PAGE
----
NASA Images Show Epic "Marsquakes" That Kicked Out Blocks of Ice
The event exposed ice that had been buried beneath the planet's surface.
Late last year, NASA's robot InSight Lander detected a quake on Mars, or Marsquake, but they only recently determined what caused it. The temblor was significant—magnitude 4—and so was the source: A meteor strike. In addition to the quake, the impact caused a crater to form that's 490 feet wide and 70 feet deep.
The meteorite may have been 16 to 39 feet wide, and the collision threw debris up to 23 miles away. It's not the biggest crater to form on Mars, but it's the largest since exploratory missions to the Red Planet began, NASA reported in the Oct. 27 issue of the journal Science. It also exposed ice that had been buried beneath the planet's surface.
The discovery by the InSight Lander is one of its last. Since landing on the surface of Mars in 2018, the craft has detected 1,318 Marsquakes. It's scheduled to shut down in six weeks. Read on to find out more about this latest Marsquake and what it means for the future of Mars exploration.
Scientists at Malin Space Science Systems (MSSS) first spotted the crater on February 11, when they were taking photographs of the area. "When that image came back, it was so unusual, like we've never seen before," Liliya Posiolova, of the facility's Orbital Science and Operations Group told USA Today.
"This dust disturbance area was so large. … We've kind of been calling it a Guinness record." A look through a color camera revealed debris, and ultimately the largest seismic event detected on the planet in 16 years. "We're very lucky," said Posiolova. "The fact that InSight's mission was operating during that time and was able to record this, that makes it that much more special."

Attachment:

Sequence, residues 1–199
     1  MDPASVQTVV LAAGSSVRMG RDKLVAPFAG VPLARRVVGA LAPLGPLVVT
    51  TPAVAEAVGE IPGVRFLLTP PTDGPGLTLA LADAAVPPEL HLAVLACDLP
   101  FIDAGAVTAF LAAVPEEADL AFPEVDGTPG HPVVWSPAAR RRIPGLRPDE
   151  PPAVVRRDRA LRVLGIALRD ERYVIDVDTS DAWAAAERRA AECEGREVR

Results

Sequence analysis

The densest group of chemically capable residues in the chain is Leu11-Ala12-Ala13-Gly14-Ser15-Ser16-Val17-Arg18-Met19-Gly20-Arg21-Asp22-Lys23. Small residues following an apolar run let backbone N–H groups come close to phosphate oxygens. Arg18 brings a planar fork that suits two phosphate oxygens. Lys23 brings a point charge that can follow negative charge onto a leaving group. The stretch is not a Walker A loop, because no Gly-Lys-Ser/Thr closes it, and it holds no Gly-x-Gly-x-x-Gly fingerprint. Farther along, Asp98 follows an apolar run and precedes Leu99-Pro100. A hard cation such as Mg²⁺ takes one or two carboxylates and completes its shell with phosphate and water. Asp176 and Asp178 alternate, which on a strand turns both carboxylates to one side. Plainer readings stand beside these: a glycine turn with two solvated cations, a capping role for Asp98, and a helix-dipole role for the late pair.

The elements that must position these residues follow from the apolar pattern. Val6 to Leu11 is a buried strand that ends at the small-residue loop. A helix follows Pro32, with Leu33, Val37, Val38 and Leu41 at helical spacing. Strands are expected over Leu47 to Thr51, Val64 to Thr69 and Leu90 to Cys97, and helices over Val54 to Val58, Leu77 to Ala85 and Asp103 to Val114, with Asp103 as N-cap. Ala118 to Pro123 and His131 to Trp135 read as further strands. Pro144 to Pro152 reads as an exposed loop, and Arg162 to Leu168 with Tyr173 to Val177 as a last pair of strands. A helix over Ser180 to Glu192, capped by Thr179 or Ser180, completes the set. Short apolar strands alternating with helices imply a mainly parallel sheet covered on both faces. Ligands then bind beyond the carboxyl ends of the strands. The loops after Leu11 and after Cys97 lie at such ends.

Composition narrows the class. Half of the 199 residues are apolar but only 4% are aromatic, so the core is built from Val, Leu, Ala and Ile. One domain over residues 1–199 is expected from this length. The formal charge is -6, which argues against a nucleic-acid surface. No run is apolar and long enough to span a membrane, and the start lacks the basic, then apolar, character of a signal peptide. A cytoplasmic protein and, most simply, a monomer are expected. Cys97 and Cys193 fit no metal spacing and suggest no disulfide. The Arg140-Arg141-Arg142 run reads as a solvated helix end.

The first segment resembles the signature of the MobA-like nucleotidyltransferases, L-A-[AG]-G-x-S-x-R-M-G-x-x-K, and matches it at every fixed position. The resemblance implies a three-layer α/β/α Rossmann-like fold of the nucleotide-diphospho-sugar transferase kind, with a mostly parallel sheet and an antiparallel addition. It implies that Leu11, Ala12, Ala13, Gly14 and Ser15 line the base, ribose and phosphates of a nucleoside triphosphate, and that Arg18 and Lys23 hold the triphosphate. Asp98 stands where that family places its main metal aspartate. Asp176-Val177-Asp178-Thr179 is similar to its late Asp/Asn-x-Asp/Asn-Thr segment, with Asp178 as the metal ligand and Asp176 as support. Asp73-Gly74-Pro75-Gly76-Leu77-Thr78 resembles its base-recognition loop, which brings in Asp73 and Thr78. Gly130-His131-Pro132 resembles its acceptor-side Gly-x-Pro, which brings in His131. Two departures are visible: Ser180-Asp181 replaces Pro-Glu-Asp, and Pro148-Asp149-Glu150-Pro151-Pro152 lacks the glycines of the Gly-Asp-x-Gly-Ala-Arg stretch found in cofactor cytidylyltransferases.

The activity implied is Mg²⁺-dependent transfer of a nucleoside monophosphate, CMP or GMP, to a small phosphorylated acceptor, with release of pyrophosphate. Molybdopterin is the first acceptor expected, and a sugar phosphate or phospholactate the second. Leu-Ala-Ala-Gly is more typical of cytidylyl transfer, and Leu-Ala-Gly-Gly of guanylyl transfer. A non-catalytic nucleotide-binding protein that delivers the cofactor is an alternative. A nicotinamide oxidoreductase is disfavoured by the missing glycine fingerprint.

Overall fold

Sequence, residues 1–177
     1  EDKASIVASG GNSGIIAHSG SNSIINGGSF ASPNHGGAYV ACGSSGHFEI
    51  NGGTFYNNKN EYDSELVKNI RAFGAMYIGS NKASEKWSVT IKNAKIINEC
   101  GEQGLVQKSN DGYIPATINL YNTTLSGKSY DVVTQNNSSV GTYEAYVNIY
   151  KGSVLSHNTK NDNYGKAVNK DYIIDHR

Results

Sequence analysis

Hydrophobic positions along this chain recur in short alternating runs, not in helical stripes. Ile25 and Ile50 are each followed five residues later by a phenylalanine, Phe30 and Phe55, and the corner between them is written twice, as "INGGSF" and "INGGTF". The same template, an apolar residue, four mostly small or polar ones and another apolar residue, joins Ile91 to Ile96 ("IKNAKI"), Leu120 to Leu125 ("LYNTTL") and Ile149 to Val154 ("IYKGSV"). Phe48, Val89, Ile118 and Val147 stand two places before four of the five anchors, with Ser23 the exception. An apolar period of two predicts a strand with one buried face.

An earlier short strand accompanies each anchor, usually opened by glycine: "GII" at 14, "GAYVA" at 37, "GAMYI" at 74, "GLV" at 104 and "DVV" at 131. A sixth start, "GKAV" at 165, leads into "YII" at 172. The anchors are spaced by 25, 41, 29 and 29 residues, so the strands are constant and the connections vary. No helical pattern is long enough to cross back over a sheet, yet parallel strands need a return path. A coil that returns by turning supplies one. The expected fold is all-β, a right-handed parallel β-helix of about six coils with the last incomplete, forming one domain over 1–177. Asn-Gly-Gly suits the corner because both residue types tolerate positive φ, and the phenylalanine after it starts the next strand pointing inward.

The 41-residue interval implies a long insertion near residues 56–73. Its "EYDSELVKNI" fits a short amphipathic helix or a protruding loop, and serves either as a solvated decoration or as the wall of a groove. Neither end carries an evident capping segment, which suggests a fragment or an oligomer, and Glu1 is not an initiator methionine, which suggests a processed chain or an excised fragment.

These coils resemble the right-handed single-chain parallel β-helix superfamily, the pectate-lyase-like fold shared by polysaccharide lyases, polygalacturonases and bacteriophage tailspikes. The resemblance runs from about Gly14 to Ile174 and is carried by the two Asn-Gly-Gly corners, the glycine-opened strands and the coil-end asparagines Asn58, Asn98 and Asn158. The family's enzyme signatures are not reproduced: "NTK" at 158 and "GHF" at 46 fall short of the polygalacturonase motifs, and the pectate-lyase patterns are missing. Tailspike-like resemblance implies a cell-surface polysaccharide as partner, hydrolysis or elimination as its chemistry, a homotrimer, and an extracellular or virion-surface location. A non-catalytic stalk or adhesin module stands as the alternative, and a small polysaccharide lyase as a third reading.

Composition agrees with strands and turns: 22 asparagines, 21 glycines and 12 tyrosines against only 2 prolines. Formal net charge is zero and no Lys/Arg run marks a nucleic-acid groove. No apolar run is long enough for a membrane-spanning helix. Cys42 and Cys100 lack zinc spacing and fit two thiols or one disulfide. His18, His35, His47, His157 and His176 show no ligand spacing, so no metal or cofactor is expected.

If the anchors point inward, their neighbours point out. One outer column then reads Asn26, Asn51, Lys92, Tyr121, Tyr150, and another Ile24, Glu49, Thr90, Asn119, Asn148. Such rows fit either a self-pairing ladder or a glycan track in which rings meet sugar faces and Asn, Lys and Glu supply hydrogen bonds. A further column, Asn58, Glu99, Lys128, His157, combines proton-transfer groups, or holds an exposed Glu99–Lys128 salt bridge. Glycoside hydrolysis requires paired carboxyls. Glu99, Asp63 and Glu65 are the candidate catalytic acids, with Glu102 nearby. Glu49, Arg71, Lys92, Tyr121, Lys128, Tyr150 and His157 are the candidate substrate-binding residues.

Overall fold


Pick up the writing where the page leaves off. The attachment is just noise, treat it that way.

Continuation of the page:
According to NASA's Jet Propulsion Laboratory (JPL), the meteor was so small that it would have burned up when it reached Earth's atmosphere. But the atmosphere on Mars is much thinner—only 1% as dense as Earth's—so the asteroid was able to strike the surface and cause significant effects.
"The image of the impact was unlike any I had seen before, with the massive crater, the exposed ice, and the dramatic blast zone preserved in the Martian dust," said Posiolova in a statement. "I couldn't help but imagine what it must have been like to witness the impact, the atmospheric blast, and debris ejected miles downrange."
InSight also captured images of buried chunks of ice that had been exposed in a novel location. "The meteoroid excavated boulder-size chunks of ice buried closer to the Martian equator than ever found before—a discovery with implications for NASA's future plans to send astronauts to the Red Planet," NASA said in a news release last Thursday.
The ice might be utilized by future Mars explorers for drinking water, agriculture and rocket propellant. "Impact events are extremely helpful in seismology," said Andrea Rajšić, a doctoral candidate at Curtin University in Australia and co-author of the Science paper. "This is a fantastic way to peek into the interior structure of the Red Planet."
You can also hear what the impact sounded like. On Thursday, NASA posted a file to Soundcloud that's a seismogram and sonification of the signals the InSight Lander recorded. InSight's seismometer records signals that aren't perceptible by the human ear. To make the signals audible, scientists sped up the data 100 times. "Our @NASAInSight Mars lander 'heard' seismic signals while our Mars Reconnaissance Orbiter captured images of the impact crater made by this Martian meteorite," the agency tweeted. The file captures constantly rushing air interrupted by a distant boom.
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Just as it recorded the major discovery, InSight is winding down. The craft landed on Mars in 2018 and was scheduled to end its mission in 2020; NASA extended it for two more years. Dust on the surface of Mars has made it impossible for the craft's solar panels to recharge. It's a fate that's inevitable for any rover that lands on the planet. Last May, InSight took what was expected to be its final selfie. NASA posted it, along with the first selfie taken in 2018, so viewers could see the contrast between the two—a crisp image of the high-tech craft was almost entirely subsumed by planetary dust.